Case Report | Open Access
Abdessamad EL KAOUKABI, Mohamed MENFAA, Samir HASBI, Fouad SAKIT, Abdelkrim CHOHO, "Acute Gastric Volvulus on Hiatal Hernia", Case Reports in Surgery, vol. 2020, Article ID 4141729, 5 pages, 2020. https://doi.org/10.1155/2020/4141729
Acute Gastric Volvulus on Hiatal Hernia
The gastric volvulus is defined as an abnormal rotation of all or part of the stomach around one of its axes, creating the conditions of an upper abdominal obstruction with gastric dilation and risk of strangulation. It is a rare entity that requires a surgical treatment, and its diagnosis is often delayed due to frequently aspecific symptoms. We will describe the observation of a 62 year old patient who presented to the emergency department for acute epigastric pain with dyspnea. The thoracoabdominal CT has demonstrated a stasis stomach on pyloric obstacle evoking a gastric torsion. An upper gastrointestinal endoscopy (EGD) and an upper gastrointestinal contrast made it possible to diagnose an acute gastric volvulus on hiatal hernia. A midline laparotomy was performed with detorsion of the stomach and repair of the hiatal hernia. The patient recovered gradually and was discharged on the sixth postoperative day. Three months after the operation, the patient remained asymptomatic.
Gastric volvulus was first described by Ambroise Pare in 1957 in a patient with traumatic diaphragmatic rupture. It was only in the 19th century that this pathology began to be well individualized, in particular thanks to the work of Berti . At the beginning of the 20th century, several definitions were proposed based on the rotation angle of the stomach and on etiological factors . Thus, the gastric volvulus is defined by an abnormal rotation of all or part of the stomach around one of its axes, creating the conditions of an upper abdominal obstruction with gastric dilation and risk of strangulation. Considering the rotation axis, we will distinguish the organoaxial volvulus and the mesenteroaxial volvulus.
It is a rare disease, often underdiagnosed and unrecognized, which can lead to serious complications especially strangulation with ischemia and gastric necrosis. This indicates the importance of early diagnosis, which itself depends on better knowledge of this pathology in all its aspects.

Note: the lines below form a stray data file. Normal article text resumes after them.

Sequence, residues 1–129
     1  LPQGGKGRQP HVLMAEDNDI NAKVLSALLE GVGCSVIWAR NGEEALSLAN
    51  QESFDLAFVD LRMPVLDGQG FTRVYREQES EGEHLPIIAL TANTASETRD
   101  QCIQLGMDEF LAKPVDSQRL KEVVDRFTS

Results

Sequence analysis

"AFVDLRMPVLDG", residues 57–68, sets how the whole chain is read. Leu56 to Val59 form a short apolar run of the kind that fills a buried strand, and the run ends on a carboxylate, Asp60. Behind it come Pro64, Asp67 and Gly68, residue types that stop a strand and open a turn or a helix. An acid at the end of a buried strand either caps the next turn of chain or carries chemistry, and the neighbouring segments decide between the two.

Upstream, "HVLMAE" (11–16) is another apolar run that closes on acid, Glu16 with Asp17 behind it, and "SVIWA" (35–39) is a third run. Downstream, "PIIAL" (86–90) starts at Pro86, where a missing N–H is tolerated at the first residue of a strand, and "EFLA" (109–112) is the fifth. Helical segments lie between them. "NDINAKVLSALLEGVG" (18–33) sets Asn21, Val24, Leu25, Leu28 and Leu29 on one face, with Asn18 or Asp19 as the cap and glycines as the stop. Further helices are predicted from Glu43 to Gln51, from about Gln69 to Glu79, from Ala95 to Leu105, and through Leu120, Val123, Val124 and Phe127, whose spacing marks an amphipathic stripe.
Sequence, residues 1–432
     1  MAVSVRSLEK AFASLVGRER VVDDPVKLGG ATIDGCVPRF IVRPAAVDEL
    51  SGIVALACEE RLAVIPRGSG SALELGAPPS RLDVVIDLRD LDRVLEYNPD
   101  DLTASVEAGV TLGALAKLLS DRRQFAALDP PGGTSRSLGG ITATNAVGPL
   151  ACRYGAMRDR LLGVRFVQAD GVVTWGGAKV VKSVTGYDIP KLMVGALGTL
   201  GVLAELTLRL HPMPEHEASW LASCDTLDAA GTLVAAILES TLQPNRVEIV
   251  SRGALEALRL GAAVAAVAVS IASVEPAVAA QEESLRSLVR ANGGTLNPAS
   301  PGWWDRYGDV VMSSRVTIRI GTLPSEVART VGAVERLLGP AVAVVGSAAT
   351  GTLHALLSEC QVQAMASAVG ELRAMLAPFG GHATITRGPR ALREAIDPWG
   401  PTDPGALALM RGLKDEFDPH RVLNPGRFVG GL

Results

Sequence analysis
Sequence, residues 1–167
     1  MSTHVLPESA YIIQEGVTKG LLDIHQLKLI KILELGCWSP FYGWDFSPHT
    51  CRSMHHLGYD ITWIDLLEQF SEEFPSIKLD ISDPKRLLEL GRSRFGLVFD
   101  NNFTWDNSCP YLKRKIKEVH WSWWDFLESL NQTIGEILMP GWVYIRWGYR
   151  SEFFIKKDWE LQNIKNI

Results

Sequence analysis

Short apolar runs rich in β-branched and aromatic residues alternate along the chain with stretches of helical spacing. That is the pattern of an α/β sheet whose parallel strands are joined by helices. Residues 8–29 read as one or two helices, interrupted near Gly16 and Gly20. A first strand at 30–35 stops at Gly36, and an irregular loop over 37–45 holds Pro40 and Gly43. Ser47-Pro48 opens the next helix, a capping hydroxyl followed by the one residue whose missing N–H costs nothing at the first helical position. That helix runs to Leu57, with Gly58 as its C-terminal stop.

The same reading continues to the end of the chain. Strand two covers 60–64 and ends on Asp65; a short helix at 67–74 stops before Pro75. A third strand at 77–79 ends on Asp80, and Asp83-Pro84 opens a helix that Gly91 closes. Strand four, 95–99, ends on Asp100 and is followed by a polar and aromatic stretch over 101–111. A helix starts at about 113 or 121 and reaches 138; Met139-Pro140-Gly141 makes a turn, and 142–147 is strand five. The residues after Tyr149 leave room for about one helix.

We report here the observation of an acute gastric volvulus on hiatal hernia which was treated by surgery.
2. Presentation of Case
The patient was a 56-year old woman with type 2 diabetes on oral antidiabetic drugs, with a chronic history of epigastric pain and heaviness relieved by early postprandial vomiting, who has worsened symptomatology for 48 hours with epigastric pain and dyspnea. Physical examination found pulse was 100 beats/min and regular, BP 140/90 mm of Hg, respiratory rate 26 breaths/min, and temperature 37°C. Her abdomen was distended, and tenderness was present in the epigastric region by superficial and deep palpation. There was no organomegaly or any other palpable mass. Per rectal examination revealed no significant abnormality. The remainder of her lab results, including renal and liver function tests, was normal apart from a normochromic normocytic anemia (). A thoracoabdominal CT scan was performed showing a stomach stasis on a pyloric obstacle suggesting stomach torsion (Figure 1); then, an upper gastrointestinal endoscopy was done showing a large hiatal hernia deforming the stomach with difficult antral passage. In front of clinical stability and the absence of complication signs, we allowed ourselves to make an upper gastrointestinal contrast which confirmed the diagnosis of gastric volvulus by showing a gastric plication with anteropyloroduodenal malrotation (Figure 2).